"It's all in conjunction with Chapel Hill 1819/2019, which is celebrating 200 years of getting better together and the different departments and divisions within the town that helped make our community thrive," Bartoletta said.
Spitzer was recognized for this project because of the work she did on a bus shelter last year, Steve Wright, Chapel Hill's public art coordinator, said.
“As part of the Chapel Hill Art + Transit program that I did with the Chapel Hill arts and culture department this past summer, I installed five pieces at a bus shelter that's actually right next to Ehringhaus dorms on UNC’s campus,” Spitzer said. “And then from that, Susan Brown with Chapel Hill arts and culture invited me to do a larger pop-up art exhibit called 'Altered Chapel Hill'.”
The photographs that will be used in Altered Chapel Hill were all taken from the archives of the Chapel Hill Historical Society. They are all old photographs of Chapel Hill, from various time periods in Chapel Hill's past.
“I usually take some kind of vintage or antique image. And then I use collage and mixed media to alter them from using what I call vintage ephemera, which can be anything from old books or menus, business materials, photographs, etc,” Spitzer said. “I'm generally interested in historical themes in my work and how juxtaposing images from different eras can create a conversation between the viewer in the present and the place in the past. So this project was a natural fit.”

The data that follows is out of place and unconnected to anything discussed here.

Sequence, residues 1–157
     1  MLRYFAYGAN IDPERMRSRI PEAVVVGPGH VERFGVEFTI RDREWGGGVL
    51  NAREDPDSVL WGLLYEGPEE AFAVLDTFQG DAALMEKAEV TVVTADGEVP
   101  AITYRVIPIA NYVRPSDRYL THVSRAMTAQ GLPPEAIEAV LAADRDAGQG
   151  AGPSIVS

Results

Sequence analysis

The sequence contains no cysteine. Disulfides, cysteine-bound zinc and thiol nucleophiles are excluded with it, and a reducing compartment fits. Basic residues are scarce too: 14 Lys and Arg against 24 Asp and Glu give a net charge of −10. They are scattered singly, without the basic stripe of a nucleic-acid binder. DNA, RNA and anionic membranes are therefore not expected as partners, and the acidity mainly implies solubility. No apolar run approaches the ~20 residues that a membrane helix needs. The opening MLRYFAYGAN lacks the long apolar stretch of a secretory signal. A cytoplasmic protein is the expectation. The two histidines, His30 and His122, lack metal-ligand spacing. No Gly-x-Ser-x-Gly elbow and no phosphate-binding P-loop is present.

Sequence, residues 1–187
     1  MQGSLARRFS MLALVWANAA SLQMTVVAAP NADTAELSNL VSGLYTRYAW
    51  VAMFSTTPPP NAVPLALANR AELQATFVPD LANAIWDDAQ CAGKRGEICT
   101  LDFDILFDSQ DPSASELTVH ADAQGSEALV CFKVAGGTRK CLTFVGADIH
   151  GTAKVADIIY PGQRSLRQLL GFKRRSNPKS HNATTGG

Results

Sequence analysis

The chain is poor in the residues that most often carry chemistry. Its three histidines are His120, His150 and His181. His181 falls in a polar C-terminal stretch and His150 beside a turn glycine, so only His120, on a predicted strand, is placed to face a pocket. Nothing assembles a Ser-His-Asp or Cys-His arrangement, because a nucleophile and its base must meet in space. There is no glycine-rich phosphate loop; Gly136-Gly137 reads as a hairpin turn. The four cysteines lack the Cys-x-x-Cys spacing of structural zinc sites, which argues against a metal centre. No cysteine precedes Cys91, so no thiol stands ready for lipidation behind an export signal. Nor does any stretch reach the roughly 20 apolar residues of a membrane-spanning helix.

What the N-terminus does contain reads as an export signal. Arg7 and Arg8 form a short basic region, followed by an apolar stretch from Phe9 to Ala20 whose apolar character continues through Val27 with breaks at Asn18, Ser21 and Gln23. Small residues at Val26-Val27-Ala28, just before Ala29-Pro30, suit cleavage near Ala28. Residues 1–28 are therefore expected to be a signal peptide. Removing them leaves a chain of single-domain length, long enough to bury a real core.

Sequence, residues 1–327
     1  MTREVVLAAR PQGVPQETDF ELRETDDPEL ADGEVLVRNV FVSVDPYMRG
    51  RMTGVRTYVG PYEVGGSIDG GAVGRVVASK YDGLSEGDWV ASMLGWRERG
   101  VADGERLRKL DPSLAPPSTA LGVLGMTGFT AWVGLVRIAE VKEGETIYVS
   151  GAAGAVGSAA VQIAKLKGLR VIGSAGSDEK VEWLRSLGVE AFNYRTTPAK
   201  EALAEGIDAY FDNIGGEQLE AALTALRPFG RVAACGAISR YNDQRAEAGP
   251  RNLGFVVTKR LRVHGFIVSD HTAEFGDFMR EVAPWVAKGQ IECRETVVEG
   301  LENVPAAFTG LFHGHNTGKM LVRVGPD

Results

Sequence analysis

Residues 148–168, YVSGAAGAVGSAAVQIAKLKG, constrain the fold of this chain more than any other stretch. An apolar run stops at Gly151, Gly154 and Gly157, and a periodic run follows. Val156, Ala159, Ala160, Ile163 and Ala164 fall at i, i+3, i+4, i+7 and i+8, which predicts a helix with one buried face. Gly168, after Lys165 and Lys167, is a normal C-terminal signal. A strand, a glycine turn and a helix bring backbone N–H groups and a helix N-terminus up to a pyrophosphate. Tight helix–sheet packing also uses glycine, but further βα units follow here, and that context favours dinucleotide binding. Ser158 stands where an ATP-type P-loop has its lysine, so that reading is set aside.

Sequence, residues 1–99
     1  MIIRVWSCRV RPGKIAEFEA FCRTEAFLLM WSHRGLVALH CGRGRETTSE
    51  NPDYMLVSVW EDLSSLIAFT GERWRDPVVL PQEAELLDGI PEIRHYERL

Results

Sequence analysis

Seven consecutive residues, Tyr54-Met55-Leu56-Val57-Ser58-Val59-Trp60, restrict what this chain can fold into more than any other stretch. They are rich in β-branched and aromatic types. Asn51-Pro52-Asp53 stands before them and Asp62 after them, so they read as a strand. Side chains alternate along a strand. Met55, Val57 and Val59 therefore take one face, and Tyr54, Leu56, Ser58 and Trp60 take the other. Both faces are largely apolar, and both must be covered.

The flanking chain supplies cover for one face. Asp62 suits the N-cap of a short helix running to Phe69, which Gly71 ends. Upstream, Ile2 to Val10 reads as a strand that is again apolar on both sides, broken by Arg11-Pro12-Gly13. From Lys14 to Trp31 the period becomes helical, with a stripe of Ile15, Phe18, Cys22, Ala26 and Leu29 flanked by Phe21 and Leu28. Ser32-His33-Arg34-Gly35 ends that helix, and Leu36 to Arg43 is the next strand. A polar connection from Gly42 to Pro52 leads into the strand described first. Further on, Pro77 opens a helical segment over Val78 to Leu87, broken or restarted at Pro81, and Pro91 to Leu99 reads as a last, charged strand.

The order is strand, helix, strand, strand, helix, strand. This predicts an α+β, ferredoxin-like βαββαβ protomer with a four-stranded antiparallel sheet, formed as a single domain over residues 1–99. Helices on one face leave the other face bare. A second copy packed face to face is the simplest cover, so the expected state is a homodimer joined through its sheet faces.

For those who missed the opportunity to sign up for the Nov. 4 workshop, there will be an interactive element to the exhibit that will allow visitors to contribute to a mass altered image.
“I believe that everyone who passes through Chapel Hill, or chooses to stay, makes a mark on the town, however small it may be," Spitzer said. "The collaborative piece is a chance for us to make and see those marks together."
There will be one enlarged image up for the duration of the exhibit. Throughout the month, people are invited to cut out images provided and stick them directly onto it.
Spitzer said that this event is important not only for locals but also for students.
“For students, Chapel Hill as a town can feel very temporary, transitory or like a holding container for the University. But it's so much more than that," Spitzer said. "Chapel Hill is its own place with its own history, and the Chapel Hill of now doesn't even look like the Chapel Hill of 10 or 20 years ago. This exhibit is a chance to see Chapel Hill's transformation — transformed by the passage of time but also transformed through my eyes as an artist and through the eyes of the workshop participants who made pieces for the exhibit.”